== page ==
This variation can now be assigned to order line items - you'll notice next time you add a new order for the product that the variations section will now display dropdown selection lists for each of the attributes that you have created.

Manufactures can now also be created for specific variations. The variation will display its specific recipe if one exists.

Inventory adjustments can also be added at the variation level in the same way as orders and manufactures.

You can also allow Craftybase to create new variations automatically for any variations that don't yet exist: for both the manufacture and order form, selecting a combination of attributes that are not configured as a variation will automatically create a new variation for you - this can be a more time efficient way of creating your variations as you'll be creating them as you make or sell them rather than all in one go. One disadvantage of this approach is that you won't be able to configure a recipe at the same time, so you'll still need to add this manually at a later stage.

I haven't yet created my "Orange" variation, but I can still select this attribute from my manufacture form. Selecting this attribute will automatically create the Orange variation for me. However, it will not create the recipe. I'll need to create a custom material list for the manufacture instead of adding the "Orange Oil" and "Orange Colour" variation-specific materials. To permanently save the Orange variation recipe, I'll need to go to my newly automatically created "Orange" variation and manually add a recipe containing the two materials.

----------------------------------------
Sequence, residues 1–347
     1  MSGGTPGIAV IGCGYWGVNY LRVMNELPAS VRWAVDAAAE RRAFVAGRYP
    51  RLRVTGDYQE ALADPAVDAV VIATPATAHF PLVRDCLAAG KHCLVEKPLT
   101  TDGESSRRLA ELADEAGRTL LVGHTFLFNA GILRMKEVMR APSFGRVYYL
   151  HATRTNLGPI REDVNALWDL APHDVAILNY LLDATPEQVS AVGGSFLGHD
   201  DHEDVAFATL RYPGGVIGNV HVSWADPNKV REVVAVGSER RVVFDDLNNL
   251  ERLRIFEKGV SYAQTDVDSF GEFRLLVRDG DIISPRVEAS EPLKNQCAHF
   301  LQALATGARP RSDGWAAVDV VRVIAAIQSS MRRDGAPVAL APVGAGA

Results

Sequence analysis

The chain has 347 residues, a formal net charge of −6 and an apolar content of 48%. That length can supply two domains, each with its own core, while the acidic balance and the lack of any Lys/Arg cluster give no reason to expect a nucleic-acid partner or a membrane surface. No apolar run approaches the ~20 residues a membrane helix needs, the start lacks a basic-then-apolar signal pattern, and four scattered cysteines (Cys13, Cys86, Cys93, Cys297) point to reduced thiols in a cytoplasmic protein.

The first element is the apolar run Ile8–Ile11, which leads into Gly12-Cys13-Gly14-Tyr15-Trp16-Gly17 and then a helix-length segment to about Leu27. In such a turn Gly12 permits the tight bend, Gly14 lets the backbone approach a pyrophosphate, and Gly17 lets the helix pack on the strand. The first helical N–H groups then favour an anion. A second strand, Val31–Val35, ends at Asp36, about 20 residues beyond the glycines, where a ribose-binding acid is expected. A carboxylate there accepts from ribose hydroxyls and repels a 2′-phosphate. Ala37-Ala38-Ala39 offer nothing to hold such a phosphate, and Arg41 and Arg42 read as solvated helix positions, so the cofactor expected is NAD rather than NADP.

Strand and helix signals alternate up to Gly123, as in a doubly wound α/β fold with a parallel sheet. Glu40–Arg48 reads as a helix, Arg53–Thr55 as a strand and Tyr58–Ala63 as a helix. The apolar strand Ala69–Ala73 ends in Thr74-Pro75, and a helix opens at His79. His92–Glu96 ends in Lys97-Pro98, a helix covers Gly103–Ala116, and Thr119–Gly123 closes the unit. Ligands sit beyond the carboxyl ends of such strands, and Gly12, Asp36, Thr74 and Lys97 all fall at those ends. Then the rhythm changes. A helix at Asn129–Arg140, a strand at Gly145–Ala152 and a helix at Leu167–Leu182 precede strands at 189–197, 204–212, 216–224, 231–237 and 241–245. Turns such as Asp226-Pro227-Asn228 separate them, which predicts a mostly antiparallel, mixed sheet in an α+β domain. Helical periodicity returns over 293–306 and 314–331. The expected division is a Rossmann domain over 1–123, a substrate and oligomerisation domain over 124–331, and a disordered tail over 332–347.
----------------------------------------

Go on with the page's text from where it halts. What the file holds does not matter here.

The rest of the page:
The way variations are used can differ from product to product. You may find that some of your products use more attributes than this, and others may not need variations at all - it is best to assess your products individually to see if they benefit from being structured as variations rather than applying the same structure to all.

Have some questions?

If you have any additional questions, please get in touch, and we'll be happy to help. 

Did this answer your question? Thanks for the feedback There was a problem submitting your feedback. Please try again later.